China usually comes to mind first when Asia’s economic growth is mentioned – and for a good reason. It’s both the world’s largest exporter and manufacturer by a wide margin.
With that said, several factors point to a lack of competitiveness in Chinese exports. Increasing wages, transportation expenses, upkeep costs, and sheer inconvenience may lead some of the largest importers of Chinese products to look elsewhere.
That’s not to even mention the US-China trade war, which will almost certainly get worse until the situation improves. Nearby countries in Asia will, if anything. benefit from a trade war and a shift in supply chains though.
Such nations include members of ASEAN (The Association of Southeast Asian Nations) such as Vietnam, Thailand and Vietnam. Countries near the United States, like Mexico, are attractive as well.
Many of these places offer better incentives, less bureaucracy, greater convenience, and closer geographical proximity to the United States and the European Union.
Chinese exports consist of 17% and 16% of US and European total exports respectively.
China Manufacturing: Big Fish in an Even Bigger Pond
China is the largest manufacturer and exporter in the world by far. However, they still do not dominate international trade. In fact, even a minor pivot toward some of China’s competitors would be a major hindrance for its economic growth.
Proof lies in the fact that China’s US$2.21 trillion worth of exports barely represents 8% of the world’s total value of exports. Global exports were US$17.78 trillion during the same year.
In other words, Chinese exports would fall by 8% of their exports if they lost the equivalent of 1% of total world exports.
Such a pivot might occur for several reasons. But one of the most important is the rising costs of wages relative to other manufacturing hubs.
Chinese labor costs reached an average of US$6,734 (~41,400 Yuan) per year in 2014 – and they are definitely higher now. This makes the salary of Southeast Asian workers look like a bargain in comparison.
Workers in the Philippines ask US$4,581 (28,200 Yuan) per year. Those in neighboring Vietnam make an average of only US$2,602 (16,000 Yuan) per year.
The American Chamber of Commerce in Shanghai recently asked members about their biggest challenge. 91% mentioned “rising costs”, which makes it the number one issue for U.S. firms in China.
To compare, a similar survey from various American Chambers of Commerce in ASEAN found that just 74% of U.S. companies in the Philippines, 65% in Cambodia, and 59% in Vietnam are satisfied with the availability of low cost labor.
Factories, like this one in Vietnam, are now opening all across Asia’s frontier markets. Manufacturers including LG and Samsung are relocating due to stricter government regulations and rising costs in China.
Intellectual Property Rights in China Not Up to Par
Difficulty enforcing intellectual property (IPR) laws is yet another problem in China. It could be a significant barrier to moving up the value chain and manufacturing more advanced products, which is crucial to China’s export growth.
Tech firms will definitely look at other countries if they fear patents and IPRs can be stolen with little chance of successful legal action.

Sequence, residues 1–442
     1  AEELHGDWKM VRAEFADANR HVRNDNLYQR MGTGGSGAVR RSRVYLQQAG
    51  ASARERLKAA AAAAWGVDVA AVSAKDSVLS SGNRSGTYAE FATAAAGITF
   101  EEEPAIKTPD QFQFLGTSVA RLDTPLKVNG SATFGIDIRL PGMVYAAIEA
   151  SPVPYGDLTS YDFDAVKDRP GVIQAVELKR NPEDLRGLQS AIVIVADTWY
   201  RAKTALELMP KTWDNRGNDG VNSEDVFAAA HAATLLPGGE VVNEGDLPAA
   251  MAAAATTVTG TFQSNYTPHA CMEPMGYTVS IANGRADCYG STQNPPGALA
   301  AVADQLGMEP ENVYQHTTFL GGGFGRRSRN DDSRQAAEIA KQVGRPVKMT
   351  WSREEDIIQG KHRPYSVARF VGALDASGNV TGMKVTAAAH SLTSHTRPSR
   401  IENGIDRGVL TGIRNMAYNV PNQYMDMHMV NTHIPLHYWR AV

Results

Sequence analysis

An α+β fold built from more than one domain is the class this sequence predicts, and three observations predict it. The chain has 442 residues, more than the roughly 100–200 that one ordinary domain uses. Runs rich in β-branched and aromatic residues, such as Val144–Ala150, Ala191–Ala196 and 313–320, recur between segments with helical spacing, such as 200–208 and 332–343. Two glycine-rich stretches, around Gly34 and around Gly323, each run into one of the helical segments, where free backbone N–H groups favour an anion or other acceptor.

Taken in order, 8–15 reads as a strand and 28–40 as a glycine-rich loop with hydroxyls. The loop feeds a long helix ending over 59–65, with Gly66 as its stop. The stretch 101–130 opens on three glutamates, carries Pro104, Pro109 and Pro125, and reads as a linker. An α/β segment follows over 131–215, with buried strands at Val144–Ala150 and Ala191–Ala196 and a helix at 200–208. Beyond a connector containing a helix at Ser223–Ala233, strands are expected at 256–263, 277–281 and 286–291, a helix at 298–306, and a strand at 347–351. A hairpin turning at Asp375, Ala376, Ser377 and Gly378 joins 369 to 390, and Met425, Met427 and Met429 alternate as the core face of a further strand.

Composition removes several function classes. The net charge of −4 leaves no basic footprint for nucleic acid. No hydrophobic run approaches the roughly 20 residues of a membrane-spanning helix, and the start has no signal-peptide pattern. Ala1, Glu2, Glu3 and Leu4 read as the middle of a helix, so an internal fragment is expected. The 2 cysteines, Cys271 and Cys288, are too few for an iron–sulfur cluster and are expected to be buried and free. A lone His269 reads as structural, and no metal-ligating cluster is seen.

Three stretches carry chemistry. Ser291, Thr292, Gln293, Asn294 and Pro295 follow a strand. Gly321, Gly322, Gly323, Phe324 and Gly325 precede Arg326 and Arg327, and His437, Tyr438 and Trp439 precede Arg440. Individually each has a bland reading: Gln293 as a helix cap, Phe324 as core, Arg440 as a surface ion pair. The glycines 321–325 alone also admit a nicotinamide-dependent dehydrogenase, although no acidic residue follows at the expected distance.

Yet another issue among foreign multinational firms that operate in China is a greater difficulty doing business in the country. Such problems manifest in several ways.
Some of these are hard, if not impossible, to improve at an acceptable standard. For example, lack of English proficiency, different legal and political systems, and difficulties getting visas all hold China back.
In summary: availability of low cost production, stronger intellectual property laws, and ease of doing business are all critical in determining a nation’s competitiveness. China struggles when it comes to many of those factors.
The Alternatives to China Manufacturing
Southeast Asia is the most obvious alternative to China manufacturing. But Mexico, just to the southern border of the United States, could be an even greater threat to Chinese exports.
That’s especially true when comparing all of Mexico’s geographical and cultural advantages to China’s.
Cost is perhaps the most important factor that helps Mexico’s industry. Chinese manufacturing wages caught up to Mexico’s back in 2012 and the gap has only widened since then.
Factory upkeep and electricity costs are cheaper in Mexico too. That’s because Mexican natural gas prices are tied to the United States, which have reached multi-decade lows recently.
Chinese factories typically pay 50% greater costs for natural gas – and about the same amount more for their electricity. Of course, this translates to costlier global exports.
Mexico also has free trade agreements covering 44 nations, the greatest number in the world, spanning Europe, Japan, and the United States. Doing business with Mexico is tax effective and convenient for some of the largest importers of Chinese products.
Other benefits include Mexico’s availability of English speakers, ease of getting a work permit, a closer links to U.S. and European economies, a plentiful supply of qualified laborers, along with the Peso’s relative stability when compared to China’s Yuan.
Companies will soon notice the increasing competitiveness that top exporters outside of China now offer. That is, if they haven’t already joined the ranks of Samsung and Nike who’ve begun moving production to Vietnam and other countries.
Emerging markets in Southeast Asia and Latin America might not have nearly the level of hype surrounding them when compared with China. However, they’re arguably a better play for the long term.
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